Hurricane Season has started and will end November 30th. It's important to be prepared and have your own family emergency plan ahead of time. Please also visit the Miami Dade's Emergency Management pagefor comprehensive information regarding disaster preparedness.
Hurricane Season is here from June 1 to November 30. Now is the time to prepare for the arrival of a hurricane. Remember that if a storm hits our area, you must be prepared to be on your own for the first 72 hours. During this time, City crews will be very busy trying to clear primary roads and restore order. It is your responsibility to be prepared to be on your own for the first three days after a storm without water, electricity and any other modern convenience.
The following information will assist you in your preparations for the arrival of a hurricane.
To Do List:
Prepare a household hurricane plan of action
Learn the storm surge history and flood zones of your area
Learn safe routes inland
Determine where to move your boat in an emergency
Check for loose rain gutters and down spouts
Check insurance coverage
Secure your home
Check first aid kit
Obtain plastic containers for storage of important papers, valuables and medical supplies
People with special needs requiring evacuation assistance should register in advance with Miami-Dade County by calling 311
If you have a generator, keep it maintained year round. To keep moisture out of gas, start your generator monthly
Test generators, lanterns, portable stove, radio, grill and flashlights
Check your electrical meter. Make sure that the pipe connecting cable into your home is securely attached
Trim tree limbs. Call FPL to trim trees near power lines
A Hurricane Watch is issued for a coastal area when there is a threat of hurricane conditions within 48 hours. A Hurricane Warning is issued when hurricane conditions are expected in a specified coastal area in 36 hours or less. Hurricane conditions include winds of 74 miles and hour (64 knots) and/or dangerously high tides and waves. Actions for protection of life and property should begin immediately when the warning is issued. If local authorities recommend evacuation, you should leave! Their advice is based on knowledge of the strength of the storm and its potential for death and destruction.
When a Hurricane WATCH is Issued…
Check often for official bulletins on the City of Coral Gables e-News, radio, TV, or NOAA Weather Radio
Fuel your car. Fill propane gas tanks. Fill coolers with ice
Moor small craft or move to safe shelter
Secure lawn furniture and other loose outdoor materials (i.e., trash cans, plants).
Take TV antenna and satellite dish down. Remove and cover chimney caps and wind turbines.
Drain swimming pool one foot and add extra chlorine
Turn off electricity to pool equipment and cover pool pump
Tape, board or shutter windows to prevent shattering
Wedge sliding glass doors to prevent lifting from tracks
Have hurricane supplies ready.
When a Hurricane WARNING is Issued…
Stay tuned to e-News, radio, TV or NOAA Weather Radio for official bulletins and info about shelter locations
Board up garage and porch doors
Move valuables to upper floors
Bring in pets
Fill container (bathtub) with several days of supply of water
Turn up refrigerator to maximum cold and only open when necessary
Use phone only for emergencies
Make arrangements with friends or family if you will need to evacuate
If you stay in your home during a hurricane...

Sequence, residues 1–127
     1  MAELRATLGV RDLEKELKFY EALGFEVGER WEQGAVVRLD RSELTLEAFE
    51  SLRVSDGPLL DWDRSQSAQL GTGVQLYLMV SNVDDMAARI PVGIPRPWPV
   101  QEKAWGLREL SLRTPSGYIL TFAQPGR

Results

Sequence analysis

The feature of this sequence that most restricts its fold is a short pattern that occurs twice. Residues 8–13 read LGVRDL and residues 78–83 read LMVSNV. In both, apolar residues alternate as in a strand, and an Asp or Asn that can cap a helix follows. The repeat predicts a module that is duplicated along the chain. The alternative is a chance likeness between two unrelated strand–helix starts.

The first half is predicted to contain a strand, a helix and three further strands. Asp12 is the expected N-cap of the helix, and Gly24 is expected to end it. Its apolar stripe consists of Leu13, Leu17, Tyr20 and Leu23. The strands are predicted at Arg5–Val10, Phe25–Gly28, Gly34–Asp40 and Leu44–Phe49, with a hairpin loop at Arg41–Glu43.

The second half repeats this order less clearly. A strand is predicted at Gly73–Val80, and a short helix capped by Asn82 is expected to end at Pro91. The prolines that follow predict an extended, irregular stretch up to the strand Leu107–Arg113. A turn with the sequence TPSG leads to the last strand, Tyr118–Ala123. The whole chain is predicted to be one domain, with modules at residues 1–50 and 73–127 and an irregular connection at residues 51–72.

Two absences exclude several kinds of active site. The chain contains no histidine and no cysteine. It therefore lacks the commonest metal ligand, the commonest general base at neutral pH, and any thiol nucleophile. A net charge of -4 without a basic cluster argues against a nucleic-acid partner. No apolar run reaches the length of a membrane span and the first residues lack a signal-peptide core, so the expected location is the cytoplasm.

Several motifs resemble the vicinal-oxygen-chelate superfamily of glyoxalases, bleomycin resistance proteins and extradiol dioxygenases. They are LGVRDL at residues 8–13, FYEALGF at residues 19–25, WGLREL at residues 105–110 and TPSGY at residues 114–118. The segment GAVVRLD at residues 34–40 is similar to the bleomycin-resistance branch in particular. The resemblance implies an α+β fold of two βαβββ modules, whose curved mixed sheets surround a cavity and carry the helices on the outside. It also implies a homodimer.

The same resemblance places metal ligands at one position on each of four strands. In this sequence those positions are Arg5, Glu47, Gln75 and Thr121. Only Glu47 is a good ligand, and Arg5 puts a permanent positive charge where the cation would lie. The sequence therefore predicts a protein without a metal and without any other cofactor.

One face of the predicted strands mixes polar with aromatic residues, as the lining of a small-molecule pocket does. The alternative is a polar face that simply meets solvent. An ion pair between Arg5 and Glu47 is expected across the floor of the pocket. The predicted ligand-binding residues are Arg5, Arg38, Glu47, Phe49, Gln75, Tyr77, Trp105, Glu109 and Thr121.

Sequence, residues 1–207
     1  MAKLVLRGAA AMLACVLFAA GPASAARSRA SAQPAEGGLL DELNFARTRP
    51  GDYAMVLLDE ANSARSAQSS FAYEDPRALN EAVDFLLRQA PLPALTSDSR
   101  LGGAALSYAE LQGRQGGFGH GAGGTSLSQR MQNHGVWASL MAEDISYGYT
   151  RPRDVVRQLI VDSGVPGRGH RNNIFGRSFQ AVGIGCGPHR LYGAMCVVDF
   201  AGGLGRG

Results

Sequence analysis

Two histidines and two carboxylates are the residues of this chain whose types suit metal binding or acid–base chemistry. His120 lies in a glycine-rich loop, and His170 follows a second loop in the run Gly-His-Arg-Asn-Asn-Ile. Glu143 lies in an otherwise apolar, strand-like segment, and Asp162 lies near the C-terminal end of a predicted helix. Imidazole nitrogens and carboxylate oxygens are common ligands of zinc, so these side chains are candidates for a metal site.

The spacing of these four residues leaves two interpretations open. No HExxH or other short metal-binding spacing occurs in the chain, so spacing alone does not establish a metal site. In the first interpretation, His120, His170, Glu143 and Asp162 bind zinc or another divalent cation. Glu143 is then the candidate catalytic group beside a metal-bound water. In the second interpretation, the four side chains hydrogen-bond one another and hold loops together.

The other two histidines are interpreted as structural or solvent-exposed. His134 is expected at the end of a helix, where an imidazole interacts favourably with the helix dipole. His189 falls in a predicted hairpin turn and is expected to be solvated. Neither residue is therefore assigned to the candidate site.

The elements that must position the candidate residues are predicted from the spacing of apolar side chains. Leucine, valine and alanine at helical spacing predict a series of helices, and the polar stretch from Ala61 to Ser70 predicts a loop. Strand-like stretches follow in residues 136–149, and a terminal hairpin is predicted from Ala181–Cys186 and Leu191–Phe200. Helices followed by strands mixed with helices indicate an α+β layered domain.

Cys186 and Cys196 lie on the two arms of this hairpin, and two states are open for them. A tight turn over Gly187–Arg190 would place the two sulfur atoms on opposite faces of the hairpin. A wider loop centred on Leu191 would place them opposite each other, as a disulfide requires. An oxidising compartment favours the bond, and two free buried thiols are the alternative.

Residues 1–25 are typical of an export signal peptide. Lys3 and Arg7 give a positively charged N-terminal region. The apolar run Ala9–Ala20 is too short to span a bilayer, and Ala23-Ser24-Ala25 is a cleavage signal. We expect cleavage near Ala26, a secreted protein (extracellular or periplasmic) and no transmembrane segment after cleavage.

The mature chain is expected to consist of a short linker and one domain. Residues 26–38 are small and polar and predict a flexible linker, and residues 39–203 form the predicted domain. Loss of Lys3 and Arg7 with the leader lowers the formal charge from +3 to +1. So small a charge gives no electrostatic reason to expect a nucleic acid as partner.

Take refuge in a small, interior room without windows, or in a closet or hallway. Close all interior doors
Beware of the hurricane eye. When the eye passes, wind and rain may stop anywhere from a few minutes to more than an hour. The wind will then suddenly begin again from the opposite direction
If you are in an evacuation area LEAVE...
Miami-Dade County recommends that all residents east of Ingraham Highway and Old Cutler Road should evacuate for hurricanes of Category 2 or greater
Residents of high-rise buildings should also consider evacuating. Storm surge can cause erosion that might undermine the supports of the building
High-rise buildings are susceptible to conditions that can cause uncontrollable fires. Unless your high-rise has an emergency generator, the elevator will not work in a power failure
Some emergency generators will run lights only and will not power the elevators. Leave early-in daylight if possible
Shut off water and electricity at main stations and turn off gas appliances
Eat before leaving; shelters may not serve food for the first 24 hours
Take hurricane supplies
Drive carefully to nearest designated shelter using recommended evacuation routes
Bring proof of residency (driver’s license/utility bill) and other important papers
After a Hurricane...
Beware of outdoor hazards
Stay clear of downed power lines and adjacent lines
Be alert for poisonous snakes, often driven from their dens by high water
Beware of weakened bridges and washed out roads. Look out for weakened limbs on trees
Drive only when necessary
Guard against spoiled food and do not drink or prepare food with tap water until you are certain it is not contaminated
Do not use the telephone unless absolutely necessary. The system is usually jammed with calls during and after a hurricane
The City currently provides the following information for a one-hundred fifty-two dollars and twenty-five cents ($152.25 ) fee if a written response is requested: 1. Community number 2. Panel number and suffix 3. Date of the FIRM’s Index 4. FIRM zone 5. Base flood elevation 6. Elevation Datum used on the FIRM 7. Elevation certificates on file
Insurance for Building Coverage Maximum Available Single-family dwelling $250,000 Other residential $500,000 Non-residential $500,000 Small business $500,000 Contents Coverage Residential $100,000 Non-residential $500,000 Small-business $500,000